After so many years together, is it inevitable that you take each other's talent for granted? Meaning, do you ever sit back and think something like, "Wow, my buddy Neil really is one of the greatest drummers in rock," or "My childhood pal Alex really is one of rock's best guitarists?"
I don't look at it in that context; I just know that they're awesome players. Every night, I listen to Neil's drum solo. I mean, I'm catching my breath at that time of the night, and I just enjoy it. I just appreciate his ability.
I don't know that I take it for granted; I guess I do, in a way-because I expect him to show up and be that good every time, and when we write a song together, I just expect him to pull it off, regardless of how complicated it is. And the same goes for Alex-I just expect him to deliver. So maybe that's taking them for granted, but, at the same time, I never lose my respect for those guys. Maybe as human beings, from time to time (laughs heartily), but never as players!
Your covers album, Feedback, was a lot of fun. What songs would you choose if you were to do a second one; say, Son of Feedback?
(chuckles) I don't know... I think it's my manager's dream, that we would do that. I don't know; there are lots of songs. There are so many great songs by other guys. The whole process of recording Feedback was so much fun, and so easy, relatively, compared to a Rush album, that I would love to do it again, to be honest. But I think it would be a bit cheeky to keep doing that kind of thing. Maybe at our fortieth we'll do that...
But I don't know-there are Zeppelin songs that we wanted to do, but we felt that you just can't touch Zeppelin, in some ways. Same with Yes. There are more old Yardbirds songs that we could've done, I suppose. And the Who songs go on forever-just the greatest songs ever. We toyed with the idea of doing "I Can See For Miles." We toyed with the idea of doing (Zep's) "Good Times, Bad Times."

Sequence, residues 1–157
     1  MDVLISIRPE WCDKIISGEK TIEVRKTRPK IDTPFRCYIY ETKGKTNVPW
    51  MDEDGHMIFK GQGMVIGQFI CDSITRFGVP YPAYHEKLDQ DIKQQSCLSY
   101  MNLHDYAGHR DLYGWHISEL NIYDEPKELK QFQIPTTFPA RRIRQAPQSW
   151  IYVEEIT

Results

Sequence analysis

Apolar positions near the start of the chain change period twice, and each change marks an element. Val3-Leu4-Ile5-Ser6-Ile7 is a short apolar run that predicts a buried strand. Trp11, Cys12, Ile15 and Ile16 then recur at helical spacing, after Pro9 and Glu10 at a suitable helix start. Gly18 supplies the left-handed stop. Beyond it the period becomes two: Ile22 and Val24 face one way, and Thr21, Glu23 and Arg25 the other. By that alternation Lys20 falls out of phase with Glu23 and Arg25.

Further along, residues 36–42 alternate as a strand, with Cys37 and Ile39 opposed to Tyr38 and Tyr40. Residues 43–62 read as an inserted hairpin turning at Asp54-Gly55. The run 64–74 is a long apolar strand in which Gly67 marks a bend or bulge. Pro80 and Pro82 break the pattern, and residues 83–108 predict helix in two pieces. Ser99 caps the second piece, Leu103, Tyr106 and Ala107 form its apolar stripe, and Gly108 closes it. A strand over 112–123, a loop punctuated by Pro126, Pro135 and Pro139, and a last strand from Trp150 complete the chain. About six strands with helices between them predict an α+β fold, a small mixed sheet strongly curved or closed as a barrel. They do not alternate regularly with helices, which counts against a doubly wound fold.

Oh, man, "Evil-Hearted You" by the Yardbirds...
Ah, didn't think of that one, but we went back to "I'm Not Talking'"-we almost did that song. A great tune.
Jeff Beck's first single with them.
Yeah. He's amazing. We toyed with some songs from that first Jeff Beck album, too.
Some of those songs are just so... there's so much personality in them. Like Hendrix-we did a version of "Manic Depression," and we could do the music no problem, but, you know, me singing Jimi's lyrics just does not work. Jimi is Jimi is Jimi is Jimi, and the way he breathes-his breaths between words are huge! There's so much of his personality imbued in those songs that any other version of it just felt messed up to me. So, some artists, I just think you better have respect, and you just don't touch.
You're often mentioned in the same breath as players whom you've long cited as influences-guys like Jack Bruce, John Entwhistle and Chris Squire. Did you ever meet any of them?